• November 1 | All Saints Day (Allerheiligen) is observed in Austria and the Catholic regions of Germany and Switzerland.
  • November 2 | All Souls Day (Allerseelen) is observed in Austria and the Catholic regions of Germany and Switzerland.
  • November 9 | Berlin Wall Day (der Fall der Mauer) – On this day in 1989 the Berlin Wall, built in 1961, finally began to disappear — concrete section by concrete section.
  • November 9 | Night of Broken Glass (Kristallnacht) – On this night in 1938, the Nazis carried out a vicious pogrom against German Jews and Jewish institutions.
  • November 11 | Carnival (Fasching, Karneval) – The carnival season officially begins at 11 minutes past the 11th hour on the 11th day of the 11th month. The start of the pre-Lenten (Mardi Gras) season. See Carnival and Mardi Gras, German Style and Movable Feasts (below) for more.
  • November 11 | St. Martin’s Day (Martinstag) – See Halloween and Martinstag for more.
  • November | National Day of Mourning (Volkstrauertag)
    In November on the Sunday two weeks prior to the first Advent Sunday. In memory of Nazi victims and the dead in both world wars. Similar to Veteran’s Day or Memorial Day in the US.
  • November | Day of Repentance and Prayer (Buß- und Bettag)
    On the Wednesday prior to Nov. 25. Since 1995, this holiday is observed only in Saxony and is only a school holiday in Bavaria.
  • November | Thanksgiving (Erntedank) in the German-speaking countries takes place on various dates from September to November, depending on the location. The Thanksgiving observance in German-speaking Europe is not a legal holiday. More…


December | Dezember

  • December | Advent (Advent) – The four Sundays leading up to Christmas.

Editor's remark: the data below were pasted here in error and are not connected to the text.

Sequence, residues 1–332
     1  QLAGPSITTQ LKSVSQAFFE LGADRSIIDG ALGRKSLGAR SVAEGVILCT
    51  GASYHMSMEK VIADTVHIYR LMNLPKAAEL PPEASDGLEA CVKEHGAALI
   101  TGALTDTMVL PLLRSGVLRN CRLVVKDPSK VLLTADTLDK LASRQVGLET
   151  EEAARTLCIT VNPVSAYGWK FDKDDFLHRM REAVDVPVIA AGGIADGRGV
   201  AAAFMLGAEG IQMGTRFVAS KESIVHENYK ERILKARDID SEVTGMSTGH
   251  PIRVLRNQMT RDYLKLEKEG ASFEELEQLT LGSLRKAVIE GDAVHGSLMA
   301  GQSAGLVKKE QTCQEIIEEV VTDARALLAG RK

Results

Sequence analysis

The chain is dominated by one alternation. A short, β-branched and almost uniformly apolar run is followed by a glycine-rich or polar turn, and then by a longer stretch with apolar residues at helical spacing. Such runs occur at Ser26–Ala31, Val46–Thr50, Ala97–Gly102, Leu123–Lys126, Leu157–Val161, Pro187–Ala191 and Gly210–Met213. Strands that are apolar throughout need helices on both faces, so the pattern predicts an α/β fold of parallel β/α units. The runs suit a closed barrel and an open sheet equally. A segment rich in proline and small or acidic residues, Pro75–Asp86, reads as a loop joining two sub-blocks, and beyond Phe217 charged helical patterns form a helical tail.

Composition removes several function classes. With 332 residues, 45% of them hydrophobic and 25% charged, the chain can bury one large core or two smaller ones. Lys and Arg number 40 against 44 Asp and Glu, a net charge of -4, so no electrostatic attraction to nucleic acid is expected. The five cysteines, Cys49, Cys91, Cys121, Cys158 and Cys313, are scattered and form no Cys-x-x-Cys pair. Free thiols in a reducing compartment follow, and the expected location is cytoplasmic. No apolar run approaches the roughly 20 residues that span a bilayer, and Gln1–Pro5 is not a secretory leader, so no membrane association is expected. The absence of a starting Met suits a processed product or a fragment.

• December 4 | Saint Barbara’s Day (Barbaratag) has an interesting tradition of cherry branches (Barbarazweig) brought indoors to bloom in winter, based on the Barbara legend.
  • December 6 | St. Nicholas DayNikolaustag is when children receive small gifts from Saint Nicholas (not Santa!) left on the night of December 5.
  • December 24 | Christmas Eve (Heiligabend) is when families gather around the Christmas tree and exchange gifts in Germany and most of Europe.
  • December 25* | Christmas Day (Weihnachtstag)
  • December 26* | Boxing Day (zweiter Weihnachtstag) is also a holiday in most of Europe.
  • December 31 | New Year’s Eve (Silvester) is observed with fireworks! The time around New Year’s Eve in Germany features the unusual custom of “Dinner for One,” a British stage skit (in English) shown on German TV.


Movable Feasts | Bewegliche Feste
Holidays and observances that do not fall on a fixed date.

  • Palm Sunday (Palmsonntag) – The Sunday before Easter
  • Good Friday (Karfreitag) – The Friday before Easter; an official holiday in Catholic regions
  • Easter (Ostern) – Easter falls on the first Sunday after the paschal full moon (differs in the eastern and western churches).
  • Easter Monday* (Ostermontag) – The Monday after Easter; a legal holiday
  • Whitsunday (Pfingstsonntag) – The seventh Sunday after Easter. Also called Pentecost in English.
  • Whitmonday (Pfingstmontag)
  • Ascension Day (Christi Himmelfahrt) – The Thursday 40 days after Easter
  • Rose Monday (Rosenmontag) – Monday is the big day for Karneval in the Rhineland. – See Carnival and Mardi Gras, German Style for more.
  • Carnival – Mardi Gras (Fasching and Karneval) – The Lenten season officially begins in November at 11 minutes past the 11th hour on the 11th day of the 11th month, but the date for (Fasching (Austria, southern Germany, Switzerland) or Karneval (the Rhineland, northern Germany) depends on Easter.
  • Ash Wednesday (Aschermittwoch) – The Wednesday after Mardi Gras (Fasching); the beginning of Lent
  • Corpus Christi (Fronleichnam) – On a Thursday in May or June. A public holiday in Austria and Catholic parts of Germany, Switzerland; Thursday following Trinity Sunday (the Sunday after Pentecost).

Also see: Oh the many holidays at the GW Expat Blog.

Next | Holidays and Celebrations